Key Reference

Most of the key commands you will need are noted in the text, but refer to the quick reference guide if you need to look up the key for a particular action.

Background doesn't matter too much, although if you're Locally Important, you'll start off right in a mead hall (as opposed to having to walk to one as a peasant), which usually contains plenty of weaponry and armour for you to take. You'll also be Hearthperson, who can take orders from the lord or lady in the mead hall.

Your name has little bearing on game play, so that can be freely selected. If you customize your first name, people may comment on how unusual it is. Your name can grow with fame; as your deeds increase so will the length of your name be extended with a title given by populace and posterity. If you define something in every category at the start, then your name won't grow with fame, though it can change with infamy.

Gender can make a difference in gameplay. Males of mammalian species have a higher average mass, which adds to base blood capacity, the effectiveness of and resistance to charge attacks, and the ability to break wrestling holds. The larger the species, the greater the difference in range and average. Females of other species may have advantages over other genders, such as the Queen Antman.


Once you have finished character creation, hit the Esc key at any time and select Save Game to save your game. You can then come back to it later by using the Continue Playing option in the main menu.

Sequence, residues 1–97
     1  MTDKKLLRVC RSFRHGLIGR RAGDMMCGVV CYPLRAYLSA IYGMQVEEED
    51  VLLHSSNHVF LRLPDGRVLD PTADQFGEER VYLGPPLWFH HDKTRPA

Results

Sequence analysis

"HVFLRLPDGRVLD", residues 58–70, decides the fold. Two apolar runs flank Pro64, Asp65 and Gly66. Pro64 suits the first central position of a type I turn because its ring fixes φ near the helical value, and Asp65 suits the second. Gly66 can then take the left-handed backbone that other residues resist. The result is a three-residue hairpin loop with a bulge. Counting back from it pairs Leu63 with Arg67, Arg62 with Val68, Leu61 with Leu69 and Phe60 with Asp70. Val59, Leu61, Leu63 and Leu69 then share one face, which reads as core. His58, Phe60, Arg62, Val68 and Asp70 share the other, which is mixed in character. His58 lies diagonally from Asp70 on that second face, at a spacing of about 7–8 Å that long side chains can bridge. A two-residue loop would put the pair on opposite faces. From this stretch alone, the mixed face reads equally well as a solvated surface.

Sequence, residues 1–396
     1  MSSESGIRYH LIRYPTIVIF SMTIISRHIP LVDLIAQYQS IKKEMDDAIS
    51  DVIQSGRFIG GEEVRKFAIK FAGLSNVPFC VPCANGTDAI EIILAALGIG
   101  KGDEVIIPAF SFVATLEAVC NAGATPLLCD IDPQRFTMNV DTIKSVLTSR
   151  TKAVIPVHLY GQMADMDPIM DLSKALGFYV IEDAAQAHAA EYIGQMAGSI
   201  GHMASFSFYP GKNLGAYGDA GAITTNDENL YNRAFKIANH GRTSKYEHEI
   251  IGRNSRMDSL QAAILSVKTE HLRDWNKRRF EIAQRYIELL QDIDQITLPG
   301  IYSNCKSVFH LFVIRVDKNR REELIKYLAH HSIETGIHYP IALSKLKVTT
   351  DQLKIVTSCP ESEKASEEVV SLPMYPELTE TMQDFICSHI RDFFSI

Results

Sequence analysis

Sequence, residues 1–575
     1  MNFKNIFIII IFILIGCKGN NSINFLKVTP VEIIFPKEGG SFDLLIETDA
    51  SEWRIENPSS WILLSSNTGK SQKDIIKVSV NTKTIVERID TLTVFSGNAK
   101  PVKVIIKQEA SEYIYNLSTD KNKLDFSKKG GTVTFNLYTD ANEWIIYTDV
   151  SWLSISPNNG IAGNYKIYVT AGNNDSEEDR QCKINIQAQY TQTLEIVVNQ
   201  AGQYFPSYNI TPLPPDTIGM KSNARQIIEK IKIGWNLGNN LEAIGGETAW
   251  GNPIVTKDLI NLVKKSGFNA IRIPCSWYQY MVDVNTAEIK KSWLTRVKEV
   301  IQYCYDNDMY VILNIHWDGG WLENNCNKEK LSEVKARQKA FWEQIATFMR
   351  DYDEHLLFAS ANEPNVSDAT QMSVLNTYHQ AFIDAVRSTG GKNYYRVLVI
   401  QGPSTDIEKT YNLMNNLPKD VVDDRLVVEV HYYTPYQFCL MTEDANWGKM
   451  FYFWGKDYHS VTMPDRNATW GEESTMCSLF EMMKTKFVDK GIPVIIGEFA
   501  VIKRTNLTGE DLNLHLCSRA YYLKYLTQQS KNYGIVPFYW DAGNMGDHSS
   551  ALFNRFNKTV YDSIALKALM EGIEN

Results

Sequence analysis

Setting off

Talking to someone.

You will usually start your adventure in a peasant hut (if you're a Peasant) or a mead hall or keep (if you're Locally Important). You can talk to nearby people using the k key, and Inquire about any troubles to learn of any quests you can take on. Some of the more common types you may be told about:

  • Beasts are any kind of creature that may be harassing people. The type of beasts range from vampires living amongst the inhabitants of a site, all the way up to titans and other mythical creatures.
  • Bandits are groups of people who menace people in nearby sites, out of the reach of civilization. They usually hang out in camps (shown by a on the map).
  • Criminals are similar to bandits, except they operate right under the nose of authorities -- sites ruled by civilizations. You will find these outcasts hiding in abandoned houses and underground cells.
  • Skulking Vermin are thieving kobolds, and otherwise similar to bandits. Due to their relative ineptitude in combat, these are probably the best targets for fledgling adventurers.

Note that you have to press k each time you want to continue the conversation, and select the appropriate ongoing conversation. If someone else is said to know where to go, you may ask for the whereabouts of that person through Ask for directions (new menu)

Fast travel

Alone in the dark...

Avoid traveling in the wilderness at night, particularly when you are alone.

Fast Travel screen. This adventurer is in a hamlet, with houses to the right and the mead hall visible in the upper-left corner of the hamlet. The asterisk in the middle of all the houses represents a group, in this case a group of unfriendly goblins. The zoomed-out world map is on the right.

So far you've been traveling around at normal scale, but this can be very slow for traveling between geographical regions.